Forums Home : Enfolding and Unfolding :
During my most recent visit to the room at the Louvre devoted to the Mona Lisa, I was struck less by the enigmatic grin of da Vinci's subject than by the enigmatic behavior of a fellow museum patron, who paced slowly in front of the painting, peering at it through the lens of the video camera mounted on his shoulder. What could it possibly mean, I wondered, to videotape the Mona Lisa?
Laura Marks's project helps me to reconsider that experience from a new perspective, as something more than a literal performance of Benjamin's "Work of Art" essay or a tool for thinking about the relation between vision and touch. She offers "an aesthetic model for the information age," which moves beyond questions of authenticity and reflexivity to focus not on the fixed "meaning" or location of a sign but, instead, on its mischievous fluidity. She encourages us to trace the migration of any given sign through a triadic diagram she describes as "Experience : Information : Image," in a process she calls "enfoldment/unfolding."
Her conceptual diagram and its visual expression (including Raegan Kelly's mesmerizingly liquid line drawings) elegantly and playfully evoke Deleuze's (Liebniz-inspired) concept of the fold. She tracks the movement of a given image as it's "plucked" or unfolded from experience, migrates into information and/or image, and is enfolded again. Her thoughts on the way surveillance footage, a child's crayon drawing, a family photo, and interactive installation art (web-based and otherwise) move through those levels or dimensions of meaning make my fellow museum patron's videotaping of the Mona Lisa retroactively much more interesting.
I'm curious about how this style of analysis works with non-visual signs, and also how it handles the thing-ness of the unfolded experience/information/image. Marks's critical writing has always embraced experiential qualities of the image—things like texture, density, intensity, warmth, and decay—so it seems natural that they have a place here, in this more abstract argument. It strikes me that how a sign or image moves among the three levels or dimensions is related in some way to its visual, aural, and tactile qualities.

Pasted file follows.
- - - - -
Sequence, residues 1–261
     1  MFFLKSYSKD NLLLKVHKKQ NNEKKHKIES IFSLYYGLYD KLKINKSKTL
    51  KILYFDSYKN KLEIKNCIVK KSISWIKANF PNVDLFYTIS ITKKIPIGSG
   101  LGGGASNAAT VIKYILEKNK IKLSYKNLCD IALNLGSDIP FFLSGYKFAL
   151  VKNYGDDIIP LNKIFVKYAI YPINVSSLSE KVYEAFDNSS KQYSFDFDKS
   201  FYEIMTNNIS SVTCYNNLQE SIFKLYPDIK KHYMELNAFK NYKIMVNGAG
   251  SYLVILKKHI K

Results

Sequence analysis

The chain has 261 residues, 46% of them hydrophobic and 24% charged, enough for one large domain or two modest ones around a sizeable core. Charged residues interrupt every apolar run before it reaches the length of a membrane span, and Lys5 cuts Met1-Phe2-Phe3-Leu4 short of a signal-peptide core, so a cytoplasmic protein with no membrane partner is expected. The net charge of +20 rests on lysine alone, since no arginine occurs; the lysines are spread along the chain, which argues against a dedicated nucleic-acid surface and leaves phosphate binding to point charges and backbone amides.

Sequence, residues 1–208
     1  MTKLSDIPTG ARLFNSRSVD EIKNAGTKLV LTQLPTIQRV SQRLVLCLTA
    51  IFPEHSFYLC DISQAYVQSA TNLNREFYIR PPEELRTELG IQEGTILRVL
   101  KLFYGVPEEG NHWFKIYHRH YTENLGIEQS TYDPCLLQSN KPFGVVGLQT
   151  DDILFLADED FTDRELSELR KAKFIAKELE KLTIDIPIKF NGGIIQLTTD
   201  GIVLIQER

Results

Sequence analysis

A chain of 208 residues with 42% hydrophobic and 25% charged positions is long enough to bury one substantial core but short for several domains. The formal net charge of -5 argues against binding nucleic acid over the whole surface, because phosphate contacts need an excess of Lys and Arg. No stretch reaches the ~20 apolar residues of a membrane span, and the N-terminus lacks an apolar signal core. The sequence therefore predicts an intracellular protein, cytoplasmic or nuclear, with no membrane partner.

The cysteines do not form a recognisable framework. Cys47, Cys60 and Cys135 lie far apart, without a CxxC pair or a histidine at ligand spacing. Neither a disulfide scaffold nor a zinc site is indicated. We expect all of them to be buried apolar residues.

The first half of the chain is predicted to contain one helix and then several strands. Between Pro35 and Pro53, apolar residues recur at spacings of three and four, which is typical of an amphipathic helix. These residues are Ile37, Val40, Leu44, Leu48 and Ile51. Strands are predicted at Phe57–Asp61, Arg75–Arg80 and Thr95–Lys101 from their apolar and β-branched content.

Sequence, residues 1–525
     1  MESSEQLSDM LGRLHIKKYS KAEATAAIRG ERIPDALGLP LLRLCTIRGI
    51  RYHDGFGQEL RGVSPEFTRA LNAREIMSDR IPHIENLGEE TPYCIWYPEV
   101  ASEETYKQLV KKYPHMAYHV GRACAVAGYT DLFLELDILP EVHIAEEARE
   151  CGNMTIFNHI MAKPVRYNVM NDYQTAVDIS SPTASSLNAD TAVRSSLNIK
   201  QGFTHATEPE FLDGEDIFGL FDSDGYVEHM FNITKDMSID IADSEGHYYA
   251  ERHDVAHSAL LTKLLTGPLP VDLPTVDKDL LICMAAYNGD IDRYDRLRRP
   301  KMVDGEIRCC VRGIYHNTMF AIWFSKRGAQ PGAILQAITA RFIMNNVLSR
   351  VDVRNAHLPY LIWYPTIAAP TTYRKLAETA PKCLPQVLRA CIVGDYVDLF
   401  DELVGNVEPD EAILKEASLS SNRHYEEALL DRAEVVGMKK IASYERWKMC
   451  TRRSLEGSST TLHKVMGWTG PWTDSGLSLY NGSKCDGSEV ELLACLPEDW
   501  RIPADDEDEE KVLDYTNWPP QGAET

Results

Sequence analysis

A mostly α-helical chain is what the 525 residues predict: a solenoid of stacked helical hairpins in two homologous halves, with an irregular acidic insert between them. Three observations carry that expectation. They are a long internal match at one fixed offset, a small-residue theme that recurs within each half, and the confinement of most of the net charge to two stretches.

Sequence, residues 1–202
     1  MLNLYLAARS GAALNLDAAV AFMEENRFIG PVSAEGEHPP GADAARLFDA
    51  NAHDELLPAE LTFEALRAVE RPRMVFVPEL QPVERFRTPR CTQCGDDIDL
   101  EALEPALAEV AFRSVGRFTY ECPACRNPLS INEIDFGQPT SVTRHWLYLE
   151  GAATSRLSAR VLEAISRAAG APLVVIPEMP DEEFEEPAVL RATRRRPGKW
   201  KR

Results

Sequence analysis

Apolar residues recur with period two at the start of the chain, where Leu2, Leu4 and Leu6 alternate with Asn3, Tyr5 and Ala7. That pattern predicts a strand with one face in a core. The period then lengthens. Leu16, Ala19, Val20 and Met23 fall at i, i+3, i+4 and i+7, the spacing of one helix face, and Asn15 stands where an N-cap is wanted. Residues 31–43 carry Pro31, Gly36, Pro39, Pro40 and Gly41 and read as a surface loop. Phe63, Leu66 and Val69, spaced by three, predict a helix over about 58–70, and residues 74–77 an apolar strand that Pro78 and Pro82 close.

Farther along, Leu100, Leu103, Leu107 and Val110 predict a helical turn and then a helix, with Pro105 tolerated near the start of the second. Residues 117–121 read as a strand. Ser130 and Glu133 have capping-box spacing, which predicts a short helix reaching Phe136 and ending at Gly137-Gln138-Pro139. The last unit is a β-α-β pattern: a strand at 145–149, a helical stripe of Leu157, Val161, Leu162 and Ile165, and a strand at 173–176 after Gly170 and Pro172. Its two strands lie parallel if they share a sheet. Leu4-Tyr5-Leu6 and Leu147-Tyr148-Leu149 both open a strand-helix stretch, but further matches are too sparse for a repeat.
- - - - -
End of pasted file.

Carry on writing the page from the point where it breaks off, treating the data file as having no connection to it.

The piece also gets me thinking about how visual/critical writing can and should "illustrate" and/or "enact" the concepts at hand. In some ways, the design of this piece actually enacts enfoldment/unfolding; in other ways, it illustrates. The time-based examples are quite effective: because it takes time for each to unfold fully, and because each user will explore the interactive examples at their own pace, results will always be different. However, I found it strange that the "Unfold" option beneath the introductory essay and the links to her eight examples should be hotlink "buttons," as opposed to some sort of layer that's to be grabbed and peeled away, or something that "sticks" to a user's cursor when "moused over." Marks's examples enact enfoldment/unfolding more provocatively than the hotlinks do.
I had also thought, initially, that as a whole the piece might reflect more closely the fluidity and unpredictability of "unfolding." I imagined what it would be like if each IP address only had access to certain examples at certain times, for example, or if the order of the examples constantly shifted. But I quickly realized that a designer can't "program" enfoldment and unfolding; and that, given any single structure and navigational path, the experience for each viewer will unfold in different directions and patterns regardless.
- Jennifer Barker, University of Wisconsin-Milwaukee, 11.29.2006